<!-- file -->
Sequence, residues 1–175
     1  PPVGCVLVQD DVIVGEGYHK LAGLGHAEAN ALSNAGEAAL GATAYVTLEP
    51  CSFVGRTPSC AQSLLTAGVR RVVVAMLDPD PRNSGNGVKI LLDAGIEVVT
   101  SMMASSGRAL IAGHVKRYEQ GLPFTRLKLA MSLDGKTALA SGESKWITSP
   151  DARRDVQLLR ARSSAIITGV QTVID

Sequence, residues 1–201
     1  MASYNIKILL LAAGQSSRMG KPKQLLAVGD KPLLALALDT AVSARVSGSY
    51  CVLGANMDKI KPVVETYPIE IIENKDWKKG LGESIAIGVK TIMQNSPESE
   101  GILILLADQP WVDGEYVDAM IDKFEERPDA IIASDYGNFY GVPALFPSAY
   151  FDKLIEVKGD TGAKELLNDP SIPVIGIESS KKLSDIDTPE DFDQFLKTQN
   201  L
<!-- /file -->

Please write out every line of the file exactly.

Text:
Sequence, residues 1–175
     1  PPVGCVLVQD DVIVGEGYHK LAGLGHAEAN ALSNAGEAAL GATAYVTLEP
    51  CSFVGRTPSC AQSLLTAGVR RVVVAMLDPD PRNSGNGVKI LLDAGIEVVT
   101  SMMASSGRAL IAGHVKRYEQ GLPFTRLKLA MSLDGKTALA SGESKWITSP
   151  DARRDVQLLR ARSSAIITGV QTVID

Sequence, residues 1–201
     1  MASYNIKILL LAAGQSSRMG KPKQLLAVGD KPLLALALDT AVSARVSGSY
    51  CVLGANMDKI KPVVETYPIE IIENKDWKKG LGESIAIGVK TIMQNSPESE
   101  GILILLADQP WVDGEYVDAM IDKFEERPDA IIASDYGNFY GVPALFPSAY
   151  FDKLIEVKGD TGAKELLNDP SIPVIGIESS KKLSDIDTPE DFDQFLKTQN
   201  L